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Three Million People in the UK Are in Distressed Relationships

25/05/2016 09:33 | Updated 25 May 2016

A wealth of evidence now shows that good quality relationships are central to our physical and mental health. Last week was Mental Health Awareness Week, themed around the importance of relationships - acknowledged by the Mental Health Foundation as the 'forgotten foundation' of wellbeing. And the evidence now also stacks up showing that parental relationships are vital for children. A recent evidence review for the Department for Work and Pensions (DWP) by the Early Intervention Foundation, for instance, found that the quality of parental relationships and family functioning have a significant impact on children's wellbeing - both in intact and separated families.

Until now, however, we have lacked sufficiently detailed national data on the quality of the UK's relationships. The Office for National Statistics does identify satisfaction with family life, social life, and the extent to which people have a spouse, family member, or friend to rely on in its national wellbeing measures. The DWP's 'Family Stability Indicator' also measure the proportions of children not living with both birth parents and the proportion of children living with both birth parents where the parents report happiness or unhappiness in their relationship. But there is currently limited national data on the quality of relationships, which the evidence shows is so important for adults' and children's wellbeing.

In a significant new report published today - the Relationship Distress Monitor - Relate has therefore undertaken a new analysis of data from the Understanding Society survey (the UK's prime longitudinal study), to estimate levels of relationship distress nationally.

A 'distressed' relationship is one with a severe level of relationship problems, which has a clinically significant negative impact on partner's wellbeing. Those in 'distressed' relationships report regularly considering separation/divorce, quarrelling, regretting being in their relationship, being unhappy in their relationship, for example. Research shows clear links between relationship distress and depression, anxiety, increased blood pressure and heightened risk of heart attacks.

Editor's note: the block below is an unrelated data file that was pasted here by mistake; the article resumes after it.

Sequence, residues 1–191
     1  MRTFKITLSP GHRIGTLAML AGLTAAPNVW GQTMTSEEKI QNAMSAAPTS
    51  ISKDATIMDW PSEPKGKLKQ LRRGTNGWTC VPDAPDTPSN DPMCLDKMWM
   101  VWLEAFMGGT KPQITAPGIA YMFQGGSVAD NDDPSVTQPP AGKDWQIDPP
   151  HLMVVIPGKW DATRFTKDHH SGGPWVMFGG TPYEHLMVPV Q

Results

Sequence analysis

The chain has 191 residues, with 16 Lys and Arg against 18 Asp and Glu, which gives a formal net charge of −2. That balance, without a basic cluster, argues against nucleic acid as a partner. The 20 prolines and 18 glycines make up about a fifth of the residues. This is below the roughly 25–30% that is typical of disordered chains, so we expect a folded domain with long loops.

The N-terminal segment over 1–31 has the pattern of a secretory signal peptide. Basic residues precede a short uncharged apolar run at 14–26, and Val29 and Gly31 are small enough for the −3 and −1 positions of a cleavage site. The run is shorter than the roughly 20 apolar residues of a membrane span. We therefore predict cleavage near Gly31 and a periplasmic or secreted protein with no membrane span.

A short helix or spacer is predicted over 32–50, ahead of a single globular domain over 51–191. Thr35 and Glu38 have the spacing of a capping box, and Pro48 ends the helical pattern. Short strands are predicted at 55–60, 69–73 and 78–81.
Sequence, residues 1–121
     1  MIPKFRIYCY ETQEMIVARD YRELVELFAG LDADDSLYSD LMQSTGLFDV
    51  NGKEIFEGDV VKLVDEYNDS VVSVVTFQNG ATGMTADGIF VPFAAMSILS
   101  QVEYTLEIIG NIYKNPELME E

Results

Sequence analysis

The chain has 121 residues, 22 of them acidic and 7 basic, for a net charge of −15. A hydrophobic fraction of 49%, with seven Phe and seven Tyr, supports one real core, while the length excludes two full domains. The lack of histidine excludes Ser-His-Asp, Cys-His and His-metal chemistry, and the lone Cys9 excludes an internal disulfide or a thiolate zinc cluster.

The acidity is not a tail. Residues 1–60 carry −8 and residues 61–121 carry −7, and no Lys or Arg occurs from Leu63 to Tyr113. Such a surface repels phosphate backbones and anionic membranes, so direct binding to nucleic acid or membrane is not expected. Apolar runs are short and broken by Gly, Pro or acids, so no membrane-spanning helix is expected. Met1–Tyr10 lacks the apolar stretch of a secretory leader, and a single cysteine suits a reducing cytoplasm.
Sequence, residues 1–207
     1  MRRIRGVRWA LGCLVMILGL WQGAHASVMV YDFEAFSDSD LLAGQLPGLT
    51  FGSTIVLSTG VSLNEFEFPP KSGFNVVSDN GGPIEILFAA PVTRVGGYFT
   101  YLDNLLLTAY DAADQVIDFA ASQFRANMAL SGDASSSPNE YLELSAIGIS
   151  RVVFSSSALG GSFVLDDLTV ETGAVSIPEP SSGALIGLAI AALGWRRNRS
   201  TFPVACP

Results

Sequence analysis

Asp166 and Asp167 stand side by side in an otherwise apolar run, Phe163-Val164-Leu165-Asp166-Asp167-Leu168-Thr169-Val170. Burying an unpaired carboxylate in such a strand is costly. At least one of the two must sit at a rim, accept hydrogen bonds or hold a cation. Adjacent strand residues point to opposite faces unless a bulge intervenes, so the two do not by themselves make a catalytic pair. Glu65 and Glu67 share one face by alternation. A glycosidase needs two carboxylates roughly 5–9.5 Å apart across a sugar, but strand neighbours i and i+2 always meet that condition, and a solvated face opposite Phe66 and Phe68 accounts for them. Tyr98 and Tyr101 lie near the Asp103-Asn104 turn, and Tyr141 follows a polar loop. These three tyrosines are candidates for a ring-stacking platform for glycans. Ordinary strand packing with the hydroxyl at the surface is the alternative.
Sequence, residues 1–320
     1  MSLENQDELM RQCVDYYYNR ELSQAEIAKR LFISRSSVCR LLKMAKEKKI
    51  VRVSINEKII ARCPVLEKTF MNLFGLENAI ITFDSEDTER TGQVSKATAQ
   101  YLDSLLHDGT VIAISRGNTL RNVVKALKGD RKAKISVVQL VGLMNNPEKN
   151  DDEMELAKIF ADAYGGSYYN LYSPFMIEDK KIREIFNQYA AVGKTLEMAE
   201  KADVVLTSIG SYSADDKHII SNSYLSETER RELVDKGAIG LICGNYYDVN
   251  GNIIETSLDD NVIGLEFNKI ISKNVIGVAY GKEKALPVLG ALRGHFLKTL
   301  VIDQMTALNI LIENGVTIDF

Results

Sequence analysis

Using a large sample of more than 20,000 people in relationships, we estimate levels of relationship distress using questions from a scientifically validated scale for measuring relationship quality and the severity of relationship problems, called the Dyadic Adjustment Scale.

Our analysis estimates that almost one-in-five (18%) people (2.87 million people) in adult couple relationships in the UK are in relationships which could be characterised as 'distressed'. For parents of children under 16, this was even higher - 22% of these parents were in distressed relationships. Additionally, 9.2% of partners report at least occasionally (including 'occasionally', 'more often than not', 'most of the time' and 'all of the time') considering divorce or separation and 10.4% report at least occasionally regretting getting married or living together; while 6.8% report severe levels of quarrelling (at least 'more often than not').

Rather than having a single cut-off point below which a partner is characterised as being in a distressed relationship, we follow the approach taken by other researchers and construct an interval (within which lie 'borderline' scores which may indicate distressed relationships but which are less clear-cut determinations of relationship distress) to minimise the possibility misclassifying partners. This means our estimates are on the conservative side.

This evidence clearly gives cause for concern, given the importance of relationship quality for adults' and children's health and wellbeing. Relate is calling for a national cross-government strategy for supporting good quality relationships as crucial pillars of wellbeing and life chances. A key part of this strategy must be the development of more robust data on the quality of relationships at national and local levels. Today's report is a significant contribution towards this; now government must take up this torch.

We also need to expand access to a spectrum of support for good quality relationships, overcoming barriers of accessibility, availability, and affordability to ensure that anyone who needs it can benefit from support. Support needs to be available to all who need it. Relate is therefore also launching today its first national appeal, Breaking Point, calling for donations to help subsidise vital services to support families whose relationships and finances are under intense pressure. To donate to Relate, please visit www.relate.org.uk/donate.

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